Reader Question: The Case for Growing Your Own Food

 

Happy Thursday to everyone! Today’s Reader Question deals with something that is very near and dear to my heart:

I am enjoying reading your daily gardening posts but I don’t understand why you put so much emphasis on growing your own food. I live very close to a grocery store and frequent my local farmers’ market. Perhaps if you can expand on your reasons, I may have a better understanding.

Delores in Northern Virginia

Delores, thank you for your question…it means a great deal that you would take the time to write in. I hope that my answer doesn’t come off condescending as that is definitely not my intention. [Stepping up on my soapbox] There are so many angles from which I would like to answer your question and I hope that I can articulate each one well.

  1. Just-in Time Delivery Systems. In the average American store, there are only 3 days worth of inventory. These stores are your local grocery store, the larger chains and all the way up to Walmart. The JIT delivery system is a very efficient beast and when there aren’t any disturbances in the process, everything clicks along at a happy pace. But what happens when one thing in that chain goes awry? I’m sure you remember when gas prices exceeded $4/gallon in late 2008 and the truckers were threatening to strike because their diesel prices were over $5/gallon. Think for a moment what would happen to the store shelves if that were to happen.
  2. Processed Food is Crap. Plain and simple, it’s crap. Think about what you eat daily and I’ll guarantee that over 75% of it comes from a box or a can. The food manufacturing business is a multi-billion dollar industry that profits from the mentality that everything can be purchased from the grocery store. Nutrition is compromised when foods are processed and God knows what is added to the food to keep it from spoiling or to keep the texture from being appalling.
  3. GMOs. I could go on and on about genetically modified organisms. Take a look at this post for more information on how companies like Monsanto are patenting life forms and calling it food.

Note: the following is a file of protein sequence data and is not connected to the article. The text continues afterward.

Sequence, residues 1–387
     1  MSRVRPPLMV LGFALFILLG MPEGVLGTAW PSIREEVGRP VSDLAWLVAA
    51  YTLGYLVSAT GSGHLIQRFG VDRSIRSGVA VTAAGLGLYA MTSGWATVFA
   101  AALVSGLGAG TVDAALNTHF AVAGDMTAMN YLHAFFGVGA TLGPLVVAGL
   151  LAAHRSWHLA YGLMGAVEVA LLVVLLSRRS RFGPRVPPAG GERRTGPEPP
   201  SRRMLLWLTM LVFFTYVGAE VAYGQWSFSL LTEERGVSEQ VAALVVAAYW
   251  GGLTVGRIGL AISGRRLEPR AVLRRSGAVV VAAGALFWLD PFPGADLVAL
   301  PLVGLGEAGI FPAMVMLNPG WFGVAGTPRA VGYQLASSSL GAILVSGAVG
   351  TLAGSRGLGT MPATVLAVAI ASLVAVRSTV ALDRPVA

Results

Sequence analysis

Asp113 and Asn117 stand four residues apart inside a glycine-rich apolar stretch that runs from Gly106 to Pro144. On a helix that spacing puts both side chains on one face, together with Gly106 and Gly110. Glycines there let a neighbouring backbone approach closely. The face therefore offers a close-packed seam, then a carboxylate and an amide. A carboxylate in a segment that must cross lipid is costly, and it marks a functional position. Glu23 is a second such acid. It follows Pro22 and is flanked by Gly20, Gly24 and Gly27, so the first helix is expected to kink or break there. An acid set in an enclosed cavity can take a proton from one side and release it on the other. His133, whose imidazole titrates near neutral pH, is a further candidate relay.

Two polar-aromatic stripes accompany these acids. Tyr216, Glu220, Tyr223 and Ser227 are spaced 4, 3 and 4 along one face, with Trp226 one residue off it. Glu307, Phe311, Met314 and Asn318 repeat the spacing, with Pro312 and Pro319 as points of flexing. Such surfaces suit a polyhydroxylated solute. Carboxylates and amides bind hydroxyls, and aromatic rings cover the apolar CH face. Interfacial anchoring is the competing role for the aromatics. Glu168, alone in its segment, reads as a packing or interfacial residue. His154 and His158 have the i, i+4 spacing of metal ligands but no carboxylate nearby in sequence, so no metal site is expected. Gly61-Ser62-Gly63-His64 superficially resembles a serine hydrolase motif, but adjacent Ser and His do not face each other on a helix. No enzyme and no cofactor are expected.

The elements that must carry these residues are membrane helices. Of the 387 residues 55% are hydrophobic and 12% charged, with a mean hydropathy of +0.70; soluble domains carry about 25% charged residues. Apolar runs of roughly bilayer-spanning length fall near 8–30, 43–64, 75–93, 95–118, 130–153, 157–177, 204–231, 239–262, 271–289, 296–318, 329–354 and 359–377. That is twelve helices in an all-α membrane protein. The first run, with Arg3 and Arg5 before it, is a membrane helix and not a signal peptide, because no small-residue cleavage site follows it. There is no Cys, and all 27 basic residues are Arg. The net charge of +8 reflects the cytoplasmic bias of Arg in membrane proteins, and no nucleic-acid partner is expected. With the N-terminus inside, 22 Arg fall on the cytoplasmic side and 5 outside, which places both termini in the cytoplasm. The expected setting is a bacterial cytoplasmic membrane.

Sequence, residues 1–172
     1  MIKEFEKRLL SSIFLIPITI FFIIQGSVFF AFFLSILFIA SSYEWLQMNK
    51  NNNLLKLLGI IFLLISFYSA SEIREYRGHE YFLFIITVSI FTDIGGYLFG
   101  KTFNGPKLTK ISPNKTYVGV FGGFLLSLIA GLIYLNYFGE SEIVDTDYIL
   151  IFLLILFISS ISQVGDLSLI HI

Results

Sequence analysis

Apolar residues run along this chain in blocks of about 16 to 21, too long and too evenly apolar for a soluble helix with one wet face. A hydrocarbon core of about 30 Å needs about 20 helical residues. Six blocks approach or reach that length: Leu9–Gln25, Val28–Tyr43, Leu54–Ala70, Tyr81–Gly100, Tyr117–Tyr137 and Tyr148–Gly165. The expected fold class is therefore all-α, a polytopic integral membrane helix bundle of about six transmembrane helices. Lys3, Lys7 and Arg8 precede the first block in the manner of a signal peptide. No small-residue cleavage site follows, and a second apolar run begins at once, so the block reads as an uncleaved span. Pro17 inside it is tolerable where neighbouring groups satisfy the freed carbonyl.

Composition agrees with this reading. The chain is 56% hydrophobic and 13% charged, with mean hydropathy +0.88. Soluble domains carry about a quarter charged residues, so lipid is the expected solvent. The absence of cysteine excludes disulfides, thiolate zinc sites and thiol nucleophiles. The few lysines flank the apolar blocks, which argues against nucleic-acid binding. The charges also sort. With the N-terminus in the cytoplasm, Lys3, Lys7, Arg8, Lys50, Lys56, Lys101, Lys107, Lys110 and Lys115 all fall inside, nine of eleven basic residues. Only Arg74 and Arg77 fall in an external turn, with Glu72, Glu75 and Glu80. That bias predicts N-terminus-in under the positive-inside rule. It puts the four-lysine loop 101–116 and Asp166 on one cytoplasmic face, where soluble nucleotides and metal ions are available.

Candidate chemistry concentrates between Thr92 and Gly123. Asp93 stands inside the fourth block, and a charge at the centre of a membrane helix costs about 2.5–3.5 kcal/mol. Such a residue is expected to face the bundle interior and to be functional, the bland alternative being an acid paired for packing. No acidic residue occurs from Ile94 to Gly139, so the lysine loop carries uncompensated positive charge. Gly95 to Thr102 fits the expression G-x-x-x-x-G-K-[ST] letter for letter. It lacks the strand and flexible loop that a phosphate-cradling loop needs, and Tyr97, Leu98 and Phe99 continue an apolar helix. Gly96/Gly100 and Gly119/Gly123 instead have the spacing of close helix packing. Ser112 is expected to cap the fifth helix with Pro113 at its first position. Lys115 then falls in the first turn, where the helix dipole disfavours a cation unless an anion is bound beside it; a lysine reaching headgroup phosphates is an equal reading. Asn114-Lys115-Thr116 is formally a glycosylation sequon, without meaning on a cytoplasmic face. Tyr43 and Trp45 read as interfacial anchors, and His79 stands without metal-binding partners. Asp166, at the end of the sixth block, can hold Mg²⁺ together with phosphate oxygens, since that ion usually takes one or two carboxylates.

4. The Connection between People and the Earth. Don’t worry…I’m not going to go all hippie on you here but man was designed to tend the earth and its inhabitants. Those inhabitants include plants, animals and other humans. There is nothing more satisfying to the human soul than to eat from a garden that you have tended. To know that you are responsible for the transformation of a mere seed into a vegetable is an incredible and moving experience. I hear lots of people say that they don’t have time to tend a garden but then they spend countless hours plopped on the couch watching TV or liking things on Facebook. It’s really about priorities.
  5. Independence. While you may never be able to provide 100% of your needs from the backyard garden or chickens, taking control of even 10% of your family’s food consumption is very freeing. You begin to realize that eating seasonally is better for you and you don’t have to run to the grocery store for every little kitchen item. As my grandma always says, “you make do”.
  6. growing your own food

    My 5 year old son, Myles, loves to help water the garden

    Your Children. If you have a garden, your children will enjoy tending it with you. My two and five year old children loved going to the garden last summer. Granted, they weren’t much on pulling weeds but they loved harvesting the veggies. They remembered how small they were when we planted them and they have a connection with their food. They understand that food doesn’t just come from the grocery store…they see that it takes real people to produce the food that goes on their plates.

 

 

growing your own food

Here is my 2 year old, Maddie, digging in the garden and she is loving it!

I’m not sure exactly when we Americans went so far off course and let corporations take control of our food production. Perhaps it was when two-income households became the norm and Mom was busy working instead of preparing food. Perhaps it was when parents began signing little Johnny up for every extracurricular activity known to man and the family became so busy that no one ate dinner at the same table. I’m not sure when it happened but I am sure that it’s not normal. While I don’t claim to be an anthropologist, I feel confident stating that at no other time in human history has the common man been so disconnected from his food. I think it would be a fair wager to bet that your grandparents tended a garden and probably even had small livestock like chickens. I’m 36 years old and one of my grandfathers was a farmer who took care of his family by working the farm. I can imagine his satisfaction, knowing that no matter what was going on in the world outside of his farm, he was confident that he could provide his family with healthy, nutritious food. Can we say the same?

[stepping off my soapbox] I’d love to hear the opinion of other Mid-Atlantic Gardening readers…whether I’ve ruffled your feathers or you’re completely onboard, leave me a comment below or e-mail me at stacey@midatlanticgardening.com. Happy gardening!

February 9, 2012Permalink 3 Comments